By Thomas Escritt
AMSTERDAM (Reuters) - The International Criminal Court said on Wednesday that its prosecutor planned to investigate possible crimes committed in the 2008 conflict between Russia and Georgia, bringing Moscow, an opponent of the court, into its sights for the first time.
Judges must now decide whether to permit the move, which would pit non-member Russia against the European-backed permanent global war crimes court at a time when east-west tensions run higher than at any time since the Cold War.
The Hague-based court is already considering whether to open an investigation into crimes committed in Ukraine, another West-leaning former Soviet republic which is fighting Moscow-backed separatists in its east.
In a statement on Thursday, the court said Prosecutor Fatou Bensouda had concluded there was a "reasonable basis to believe" crimes had been committed during the short war over the Russian-backed breakaway Georgian province of South Ossetia.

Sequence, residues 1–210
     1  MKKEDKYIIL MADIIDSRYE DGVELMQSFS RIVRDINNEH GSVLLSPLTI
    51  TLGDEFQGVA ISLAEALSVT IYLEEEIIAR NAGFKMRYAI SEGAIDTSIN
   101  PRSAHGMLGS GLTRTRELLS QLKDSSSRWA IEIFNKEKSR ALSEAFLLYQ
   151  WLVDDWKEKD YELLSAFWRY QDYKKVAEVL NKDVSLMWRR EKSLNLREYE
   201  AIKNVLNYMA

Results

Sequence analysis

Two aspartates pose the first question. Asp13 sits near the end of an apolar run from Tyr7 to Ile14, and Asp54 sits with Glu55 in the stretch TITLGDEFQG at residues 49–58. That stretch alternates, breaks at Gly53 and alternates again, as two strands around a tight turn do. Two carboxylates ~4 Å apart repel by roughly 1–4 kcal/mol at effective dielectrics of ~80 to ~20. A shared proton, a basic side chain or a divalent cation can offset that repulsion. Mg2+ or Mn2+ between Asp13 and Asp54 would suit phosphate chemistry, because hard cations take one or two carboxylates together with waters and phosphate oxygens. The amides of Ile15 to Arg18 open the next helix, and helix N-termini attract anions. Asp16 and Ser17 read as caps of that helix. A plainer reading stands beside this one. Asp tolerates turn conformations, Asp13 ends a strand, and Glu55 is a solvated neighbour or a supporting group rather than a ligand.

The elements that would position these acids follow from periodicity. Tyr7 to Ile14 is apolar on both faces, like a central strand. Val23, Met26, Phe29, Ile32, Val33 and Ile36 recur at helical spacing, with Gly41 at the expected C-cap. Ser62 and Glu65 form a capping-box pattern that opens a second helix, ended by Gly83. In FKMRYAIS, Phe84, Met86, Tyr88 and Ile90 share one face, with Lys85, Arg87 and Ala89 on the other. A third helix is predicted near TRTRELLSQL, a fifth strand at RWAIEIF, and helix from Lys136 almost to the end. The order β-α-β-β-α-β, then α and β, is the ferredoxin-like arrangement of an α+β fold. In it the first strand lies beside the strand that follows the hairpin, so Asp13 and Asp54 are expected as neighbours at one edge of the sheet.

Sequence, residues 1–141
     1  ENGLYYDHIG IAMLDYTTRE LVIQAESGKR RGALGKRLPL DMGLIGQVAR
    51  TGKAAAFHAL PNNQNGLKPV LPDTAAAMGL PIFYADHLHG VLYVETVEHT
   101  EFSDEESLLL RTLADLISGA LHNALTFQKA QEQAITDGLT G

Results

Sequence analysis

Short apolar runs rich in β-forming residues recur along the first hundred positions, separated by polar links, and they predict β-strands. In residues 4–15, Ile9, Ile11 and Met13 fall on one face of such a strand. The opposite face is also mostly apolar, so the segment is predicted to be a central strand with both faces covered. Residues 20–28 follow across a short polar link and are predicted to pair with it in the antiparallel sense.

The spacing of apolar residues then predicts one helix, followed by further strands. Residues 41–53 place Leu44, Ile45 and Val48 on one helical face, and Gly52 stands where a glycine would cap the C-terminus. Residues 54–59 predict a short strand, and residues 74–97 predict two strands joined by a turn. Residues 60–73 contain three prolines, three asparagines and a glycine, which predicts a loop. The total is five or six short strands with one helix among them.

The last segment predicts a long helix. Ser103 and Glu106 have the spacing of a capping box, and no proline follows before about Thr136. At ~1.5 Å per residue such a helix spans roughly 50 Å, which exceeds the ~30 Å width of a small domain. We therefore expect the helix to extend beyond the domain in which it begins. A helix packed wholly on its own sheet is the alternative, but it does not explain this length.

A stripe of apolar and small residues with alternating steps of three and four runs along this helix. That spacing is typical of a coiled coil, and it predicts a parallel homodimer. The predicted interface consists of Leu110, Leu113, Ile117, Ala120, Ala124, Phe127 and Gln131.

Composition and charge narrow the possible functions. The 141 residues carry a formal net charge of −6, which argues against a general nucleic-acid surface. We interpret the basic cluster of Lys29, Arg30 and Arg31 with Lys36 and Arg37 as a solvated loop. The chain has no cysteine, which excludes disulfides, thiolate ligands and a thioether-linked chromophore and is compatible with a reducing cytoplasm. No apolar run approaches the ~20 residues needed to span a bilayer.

Her request comes as Russia seeks to become a more active global diplomatic and military player, launching air strikes in support of beleaguered Syrian President Bashar Al-Assad, defying the broad Western consensus that he should go.
Any investigation would need to look at possible war crimes or crimes against humanity committed by both sides in the August 2008 clash, in which hundreds died and hundreds of thousands were displaced.
In 2009, rights group Human Rights Watch said it had found evidence of crimes being committed on all sides during the week-long conflict, in which Moscow came to the aid of primarily Russian-speaking separatists.
Set up in 2002 to investigate the most serious international crimes, the court is now showing a readiness to tackle politically sensitive conflicts involving powerful actors after a decade in which it was criticized for being involved only in crimes committed in Africa.
This year, the court announced an examination of the Israeli-Palestinian conflict, bringing one of the world's longest-running and most intractable conflicts into its sights.
(Reporting By Thomas Escritt; Editing by Janet Lawrence and Richard Balmforth)